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Marco DiCesarePrincipal Caroline Chisholm Catholic College, Braybrook.Marco was one of the first 25 Catholic school leaders to take up the CEOM Executive MBA that began last year.
I am passionate about education and about improving culture and systems in order to raise the bar and close the gap for each student.
As a leader I am consultative and inclusive with an ongoing commitment to faith and professionalism so, when I was offered the opportunity to take up the Executive MBA, I knew that taking time out from an already busy schedule was going to be an ask, but it has certainly proven to be time well spent.
The experience has already broadened my perspective and I have gained greater insight into strategy, organisational behaviour and leadership. Importantly, it has offered me an alternative view as a principal.
The fact that it has been undertaken with a group of fellow principals enhances the learning experience by allowing a tight focus on what is relevant to education and allows it to be tailored to our needs. It gives me an opportunity I wouldn’t otherwise have – to meet with other principals on a regular and ongoing basis to share our unique experiences across all of the areas covered.
I benefit not only from what I am learning on the journey but also from the journey of others in Catholic education. This is especially important given the functional and increasingly strategic understanding we must demonstrate in our management and leadership of Catholic schools.
In a constantly evolving environment, it is important that we – Catholic educational leaders – continue to push the boundaries of our learning and support each other in striving for innovation and best practice for our sector.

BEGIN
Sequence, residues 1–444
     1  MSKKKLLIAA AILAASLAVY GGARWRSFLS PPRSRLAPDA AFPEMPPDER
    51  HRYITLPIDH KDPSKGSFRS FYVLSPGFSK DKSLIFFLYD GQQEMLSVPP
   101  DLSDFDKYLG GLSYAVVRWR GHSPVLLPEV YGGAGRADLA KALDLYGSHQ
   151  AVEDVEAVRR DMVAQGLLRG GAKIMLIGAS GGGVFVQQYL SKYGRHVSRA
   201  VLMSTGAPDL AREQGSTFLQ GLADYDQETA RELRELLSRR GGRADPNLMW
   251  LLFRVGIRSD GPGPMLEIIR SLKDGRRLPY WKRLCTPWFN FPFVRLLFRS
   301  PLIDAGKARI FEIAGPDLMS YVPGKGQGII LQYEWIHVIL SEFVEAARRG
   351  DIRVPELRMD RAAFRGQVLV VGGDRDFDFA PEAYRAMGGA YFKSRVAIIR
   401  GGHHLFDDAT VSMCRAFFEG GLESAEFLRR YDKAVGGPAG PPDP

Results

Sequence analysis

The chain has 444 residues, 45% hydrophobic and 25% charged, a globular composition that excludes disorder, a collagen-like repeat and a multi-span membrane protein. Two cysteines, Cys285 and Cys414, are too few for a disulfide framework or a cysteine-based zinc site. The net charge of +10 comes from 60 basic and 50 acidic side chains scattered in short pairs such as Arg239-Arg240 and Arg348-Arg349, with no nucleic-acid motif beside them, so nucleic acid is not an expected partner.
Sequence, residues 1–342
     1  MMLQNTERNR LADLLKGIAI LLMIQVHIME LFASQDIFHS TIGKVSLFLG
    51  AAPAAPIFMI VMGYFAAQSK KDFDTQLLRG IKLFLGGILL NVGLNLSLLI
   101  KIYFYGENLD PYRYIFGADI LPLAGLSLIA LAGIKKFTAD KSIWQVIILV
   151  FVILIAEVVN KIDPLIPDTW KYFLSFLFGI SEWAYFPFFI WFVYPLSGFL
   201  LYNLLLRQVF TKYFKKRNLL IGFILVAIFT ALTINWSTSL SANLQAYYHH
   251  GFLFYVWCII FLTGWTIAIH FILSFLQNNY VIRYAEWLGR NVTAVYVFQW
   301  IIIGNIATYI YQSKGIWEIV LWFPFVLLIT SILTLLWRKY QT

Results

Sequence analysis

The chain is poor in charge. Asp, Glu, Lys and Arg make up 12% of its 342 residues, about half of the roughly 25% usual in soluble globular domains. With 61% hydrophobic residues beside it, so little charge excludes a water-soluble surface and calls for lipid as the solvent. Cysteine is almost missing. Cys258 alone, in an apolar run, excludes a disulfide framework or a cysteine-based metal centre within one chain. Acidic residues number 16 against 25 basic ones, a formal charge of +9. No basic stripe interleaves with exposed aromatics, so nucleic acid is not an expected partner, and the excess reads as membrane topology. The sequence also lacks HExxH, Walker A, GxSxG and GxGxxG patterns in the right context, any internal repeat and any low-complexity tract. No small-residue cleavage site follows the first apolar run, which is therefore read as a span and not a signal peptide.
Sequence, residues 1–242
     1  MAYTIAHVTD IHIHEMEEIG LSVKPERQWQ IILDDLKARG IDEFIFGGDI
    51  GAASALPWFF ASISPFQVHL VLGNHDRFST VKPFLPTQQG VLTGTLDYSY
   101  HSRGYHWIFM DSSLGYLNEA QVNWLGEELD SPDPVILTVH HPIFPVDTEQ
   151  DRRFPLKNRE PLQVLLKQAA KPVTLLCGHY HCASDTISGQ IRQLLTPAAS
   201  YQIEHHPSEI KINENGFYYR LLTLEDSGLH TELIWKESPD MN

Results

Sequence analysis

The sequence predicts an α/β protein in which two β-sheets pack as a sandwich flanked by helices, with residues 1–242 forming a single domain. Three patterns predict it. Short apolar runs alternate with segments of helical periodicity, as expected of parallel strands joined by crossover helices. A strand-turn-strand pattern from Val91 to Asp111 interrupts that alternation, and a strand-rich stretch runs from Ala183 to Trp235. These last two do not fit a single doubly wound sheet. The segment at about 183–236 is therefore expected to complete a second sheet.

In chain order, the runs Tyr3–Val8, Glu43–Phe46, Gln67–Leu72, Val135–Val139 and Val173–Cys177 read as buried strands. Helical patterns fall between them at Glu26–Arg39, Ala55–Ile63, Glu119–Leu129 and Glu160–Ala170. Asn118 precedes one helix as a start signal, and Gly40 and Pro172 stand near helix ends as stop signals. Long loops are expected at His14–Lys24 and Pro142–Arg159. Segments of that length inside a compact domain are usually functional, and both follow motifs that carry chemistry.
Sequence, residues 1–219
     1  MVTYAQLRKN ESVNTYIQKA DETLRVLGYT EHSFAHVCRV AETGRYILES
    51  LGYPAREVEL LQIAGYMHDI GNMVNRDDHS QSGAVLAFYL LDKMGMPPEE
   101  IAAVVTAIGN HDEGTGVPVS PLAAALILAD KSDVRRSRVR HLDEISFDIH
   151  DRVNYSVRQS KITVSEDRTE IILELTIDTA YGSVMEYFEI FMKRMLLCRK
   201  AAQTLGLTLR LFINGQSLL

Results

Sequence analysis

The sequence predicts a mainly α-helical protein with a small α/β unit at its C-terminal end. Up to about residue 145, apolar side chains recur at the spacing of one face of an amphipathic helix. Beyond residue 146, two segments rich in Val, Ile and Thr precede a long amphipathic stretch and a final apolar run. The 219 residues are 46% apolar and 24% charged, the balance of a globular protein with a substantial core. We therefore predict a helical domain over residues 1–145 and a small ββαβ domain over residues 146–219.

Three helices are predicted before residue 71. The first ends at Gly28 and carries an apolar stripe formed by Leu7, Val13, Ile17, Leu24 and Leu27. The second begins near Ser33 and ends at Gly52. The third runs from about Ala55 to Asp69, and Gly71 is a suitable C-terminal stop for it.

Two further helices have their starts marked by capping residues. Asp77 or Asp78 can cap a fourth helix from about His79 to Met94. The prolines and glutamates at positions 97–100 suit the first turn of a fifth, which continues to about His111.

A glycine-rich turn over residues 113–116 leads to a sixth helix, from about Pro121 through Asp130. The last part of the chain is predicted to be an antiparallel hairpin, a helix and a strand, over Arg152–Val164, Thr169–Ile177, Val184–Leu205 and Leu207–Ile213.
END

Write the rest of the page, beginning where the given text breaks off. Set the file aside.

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The Leadership and Professional Learning Unit at the Catholic Education
Office Melbourne (CEOM) is committed to working in partnership with schools to
build the capacity and capability for high-quality leadership for school
improvement across Catholic school communities.
The team’s strategic focus, development work and services are structured
around three broad overlapping strands:
Strategic partnerships with schools, state, national and international
bodies, and experts support innovation and evidence-based practice across the
A number of key CEOM frameworks and strategies underpin the team’s
services, which include resource development, the design and delivery of
differentiated professional learning programs, and the coordination and
promotion of system-wide professional learning provision.
CEOM Leadership Learning Plan
During 2014 a CEOM Leadership Reference Group – with key stakeholders
from schools, the CEOM and its University partners – was established to
identify the key leadership learning directions for the next five years, which will
build on current strategies of the CEOM and align with the vision of the
Catholic Leadership Centre. As identified in
the diagram below, the outcome of the Reference Group deliberations was the affirmation
of the quality and continuing relevance of the existing leadership initiatives
and the articulation of seven priority areas to drive the next level of success
in leadership for school improvement.